FINRA fined Deutsche Bank $6 million for submitting inaccurate and late data reports to regulators, making it the largest fine that FINRA has dished out for that violation, according to a spokeswoman.
Failures in reporting systems led Deutsche Bank to file data reports that misreported or omitted critical information on more than one million trades, according to FINRA.
The errors occurred from 2008 to 2015 in the bank's submissions of blue sheets, filings that provide regulators key information about securities transactions and which help authorities identify illegal activity or other misconduct.
FINRA says that firms typically have 10 business days to file a blue sheet when the regulator requests it.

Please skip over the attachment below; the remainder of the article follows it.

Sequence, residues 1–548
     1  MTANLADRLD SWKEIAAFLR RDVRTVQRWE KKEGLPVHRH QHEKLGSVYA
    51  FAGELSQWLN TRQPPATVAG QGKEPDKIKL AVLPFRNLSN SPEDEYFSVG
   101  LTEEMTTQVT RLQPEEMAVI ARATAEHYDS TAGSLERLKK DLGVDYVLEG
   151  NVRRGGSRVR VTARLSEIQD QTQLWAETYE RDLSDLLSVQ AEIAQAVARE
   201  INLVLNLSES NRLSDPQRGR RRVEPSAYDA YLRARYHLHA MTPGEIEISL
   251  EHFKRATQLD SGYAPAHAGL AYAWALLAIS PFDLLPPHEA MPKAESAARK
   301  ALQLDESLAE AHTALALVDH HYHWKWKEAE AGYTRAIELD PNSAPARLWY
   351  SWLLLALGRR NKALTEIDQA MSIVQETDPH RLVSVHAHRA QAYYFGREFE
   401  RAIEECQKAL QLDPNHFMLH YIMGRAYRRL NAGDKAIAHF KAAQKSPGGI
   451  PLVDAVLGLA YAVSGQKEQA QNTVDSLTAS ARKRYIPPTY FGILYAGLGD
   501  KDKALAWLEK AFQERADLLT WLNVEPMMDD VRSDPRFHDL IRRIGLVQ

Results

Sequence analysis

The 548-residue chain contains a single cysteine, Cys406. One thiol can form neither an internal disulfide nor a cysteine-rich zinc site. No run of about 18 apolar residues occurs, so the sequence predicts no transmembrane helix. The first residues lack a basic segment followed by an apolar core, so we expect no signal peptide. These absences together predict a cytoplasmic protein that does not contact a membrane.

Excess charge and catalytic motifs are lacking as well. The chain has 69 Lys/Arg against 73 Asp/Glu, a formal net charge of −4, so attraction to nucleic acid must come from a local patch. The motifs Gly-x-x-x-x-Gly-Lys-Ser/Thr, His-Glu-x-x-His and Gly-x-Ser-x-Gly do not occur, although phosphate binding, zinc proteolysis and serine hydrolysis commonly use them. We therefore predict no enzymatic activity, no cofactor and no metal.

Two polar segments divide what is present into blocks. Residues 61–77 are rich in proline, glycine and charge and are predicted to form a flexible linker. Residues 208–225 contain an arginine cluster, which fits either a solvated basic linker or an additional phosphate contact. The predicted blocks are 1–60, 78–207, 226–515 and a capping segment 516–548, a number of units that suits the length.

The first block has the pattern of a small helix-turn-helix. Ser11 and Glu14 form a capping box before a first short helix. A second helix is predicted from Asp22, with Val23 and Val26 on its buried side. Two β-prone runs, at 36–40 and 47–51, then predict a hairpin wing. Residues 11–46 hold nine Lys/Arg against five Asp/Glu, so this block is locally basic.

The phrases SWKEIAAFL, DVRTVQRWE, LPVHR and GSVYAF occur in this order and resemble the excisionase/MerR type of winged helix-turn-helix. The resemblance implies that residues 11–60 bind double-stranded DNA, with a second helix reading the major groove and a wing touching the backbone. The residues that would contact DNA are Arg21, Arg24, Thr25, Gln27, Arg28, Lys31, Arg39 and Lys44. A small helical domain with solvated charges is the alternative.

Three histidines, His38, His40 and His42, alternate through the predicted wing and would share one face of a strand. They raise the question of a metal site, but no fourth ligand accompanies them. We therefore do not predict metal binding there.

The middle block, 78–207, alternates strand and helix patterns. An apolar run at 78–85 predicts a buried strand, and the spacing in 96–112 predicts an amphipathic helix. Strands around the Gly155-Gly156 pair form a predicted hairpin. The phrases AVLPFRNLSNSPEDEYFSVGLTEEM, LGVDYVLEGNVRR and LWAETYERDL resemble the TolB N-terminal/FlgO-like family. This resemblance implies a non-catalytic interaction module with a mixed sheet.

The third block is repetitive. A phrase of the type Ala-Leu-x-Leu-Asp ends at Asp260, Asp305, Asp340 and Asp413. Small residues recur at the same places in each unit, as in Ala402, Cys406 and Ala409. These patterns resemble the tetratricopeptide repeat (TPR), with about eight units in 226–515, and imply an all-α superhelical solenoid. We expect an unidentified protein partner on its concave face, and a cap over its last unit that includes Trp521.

Deutsche Bank, however, has frequently missed deadlines, FINRA says. From January 2014 to August 2015, about 40% of the bank's blue sheets were filed late. FINRA says that the bank's mistakes were particularly egregious last summer, when over 90% of Deutsche Bank's blue sheets failed to meet regulatory deadlines.
"Incomplete and inaccurate blue sheet data compromises our ability to identify individuals engaging in insider trading schemes and other fraudulent activity. Firms must invest the resources necessary to ensure that they are providing complete and accurate blue sheet data whenever requested – without exception," Cameron Funkhouser, head of FINRA's Office of Fraud Detection and Market Intelligence, said.
Deutsche Bank agreed to retain an independent consultant to improve its policies, systems and procedures with regard to blue sheet submissions, according to FINRA.
A spokeswoman for the bank declined to comment on the matter.
According to the disciplinary action filed by FINRA, Deutsche Bank neither admitted nor denied the charges, but consented to the entry of the regulator's findings.